Written September-October, 1939. Filmed November-December, 1939. Released by United Artists, May, 1940. Produced by Hal Roach. Directed by Gordon Douglas. 57 minutes.

Cast: Stan Laurel, Oliver Hardy, Rychard Cramer, James Finlayson, Eddie Conrad, Robert McKenzie, Harry Bernard, Charlie Hall, Ben Turpin.   

STORY: Stan and Ollie are employees at a horn factory, where the constant honking eventually drives Ollie to a nervous breakdown (or a case of "hornophobia," according to his doctor). An ocean voyage is the prescription for Ollie's condition, but he seems to be just as afraid of the sea as he is of horns. They decide to rent a boat and keep it tied to the dock. At night, escaped convict Nick Grainger sneaks aboard the boat, while The Boys' pet goat dines on the mooring ropes, setting them adrift. In the morning, Grainger forces L&H to prepare a meal. Having no food aboard, they concoct a synthetic meal (string for spagetti, sponges for meatballs, lamp wicks for bacon, etc.). When Grainger threatens their lives, Stan starts blowing his trombone which causes Ollie to go berserk and subdue Grainger.

JL: No one would ever mistake SAPS AT SEA for one of Laurel & Hardy's masterpieces.  "A fun little film" is typical of the praise it's usually afforded, and on that level it succeeds.  A return to the loopy, near-surreal atmosphere of BLOCK-HEADS, SAPS AT SEA is a far lesser film than their 1938 gem, but it is consistently enjoyable and boasts a few scenes and gags that are among the team's most memorable.  We may wish that their association with Hal Roach finished on a higher note, but it's a respectable end to their vintage years and an infinitely better film than a handful of other Roach features.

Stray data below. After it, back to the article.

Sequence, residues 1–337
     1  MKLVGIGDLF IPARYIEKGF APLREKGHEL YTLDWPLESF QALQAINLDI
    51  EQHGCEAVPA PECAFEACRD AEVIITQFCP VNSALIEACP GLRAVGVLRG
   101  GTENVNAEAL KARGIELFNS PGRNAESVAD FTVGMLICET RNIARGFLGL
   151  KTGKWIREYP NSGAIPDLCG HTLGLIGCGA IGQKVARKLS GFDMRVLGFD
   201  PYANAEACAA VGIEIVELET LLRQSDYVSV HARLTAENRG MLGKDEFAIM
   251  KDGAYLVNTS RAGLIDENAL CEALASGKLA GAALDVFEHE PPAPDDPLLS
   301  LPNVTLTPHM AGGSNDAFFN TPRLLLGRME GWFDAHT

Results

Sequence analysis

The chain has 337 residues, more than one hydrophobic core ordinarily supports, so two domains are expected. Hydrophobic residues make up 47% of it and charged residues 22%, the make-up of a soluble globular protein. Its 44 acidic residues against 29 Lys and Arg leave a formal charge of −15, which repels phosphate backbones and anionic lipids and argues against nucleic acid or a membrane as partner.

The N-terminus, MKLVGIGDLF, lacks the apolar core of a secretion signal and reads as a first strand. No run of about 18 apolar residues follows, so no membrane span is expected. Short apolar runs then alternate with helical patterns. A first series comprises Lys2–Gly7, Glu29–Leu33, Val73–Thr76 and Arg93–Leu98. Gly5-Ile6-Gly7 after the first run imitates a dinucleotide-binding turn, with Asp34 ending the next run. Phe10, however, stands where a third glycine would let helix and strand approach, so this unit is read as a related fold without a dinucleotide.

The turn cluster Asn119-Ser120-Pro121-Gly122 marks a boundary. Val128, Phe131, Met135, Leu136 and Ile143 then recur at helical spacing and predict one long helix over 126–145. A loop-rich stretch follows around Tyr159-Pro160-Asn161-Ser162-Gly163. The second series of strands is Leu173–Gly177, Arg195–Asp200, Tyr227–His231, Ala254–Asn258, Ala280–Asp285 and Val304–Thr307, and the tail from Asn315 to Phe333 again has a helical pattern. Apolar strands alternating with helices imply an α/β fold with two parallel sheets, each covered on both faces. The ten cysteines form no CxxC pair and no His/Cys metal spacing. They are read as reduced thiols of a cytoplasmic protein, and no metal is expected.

Before Stan and Ollie make their first appearance, we are made aware that SAPS AT SEA will take place in a world far removed from reality.  A man in the midst of a nervous breakdown may not seem like the proper opening scene to establish a mood of high silliness, but we soon learn that this man is but the latest in a long line of horn-factory employees who have suffered a similar fate, the result of constant exposure to the honking and tooting.  The manager of the factory, who endures his days by wearing ear plugs, takes an almost perverse delight as the factory workers succumb one at a time to the nerve-wracking environment: "That G-flat horn gets 'em every time!", he states proudly, his delivery threatening to break into an evil chuckle.  It isn't long before the factory's next victim, one Oliver Norvell Hardy, falls prey and unleashes his pent-up frustrations in a wonderfully over-the-top tirade.  "Horns! Horns!" (or, to be phonetically precise, "Hawns! Hawns!") Ollie screams as he goes on a rampage of destruction.  This and the scene that follows (in which Ollie is subjected to the blaring of a broken car horn) are examples of L&H's occasional use of "annoyance humor" in which a single source of frustration -- from honking horns to moving a piano up a flight of stairs -- is relentlessly repeated until the audience has no choice but to laugh.

     The next series of scenes in the Boys' apartment illustrate both the strengths and weaknesses of SAPS AT SEA.  On the plus side, their domestic life is charmingly twisted, with the cross-eyed building janitor (Ben Turpin) providing tenants with refrigerators that play music and radios that require defrosting.  There's also an exploding stove gag reminiscent of the one in BLOCK-HEADS, and a slapstick closing with Ollie dangling from a window that hearkens back to a similar moment in County Hospital.  This scene, however, is a rare instance in which L&H's humor crosses that fine line from the childlike into the childish.  James Finlayson, in his final appearance with the Boys, is afforded some good gags (rarely has a door-slam-in-the-face been so hysterical), but much of his material operates on the level of a sketch from "The Bozo Show."  Dr. Fin has Ollie blow up his "lung tester" (I'm surprised he didn't call it a "Lung-O-Meter"), which is nothing more than a 10-foot balloon whose size and well-anticipated explosion are supposed to provide laughs.  If there is a general flaw in SAPS AT SEA, it's kidstuff gags such as this.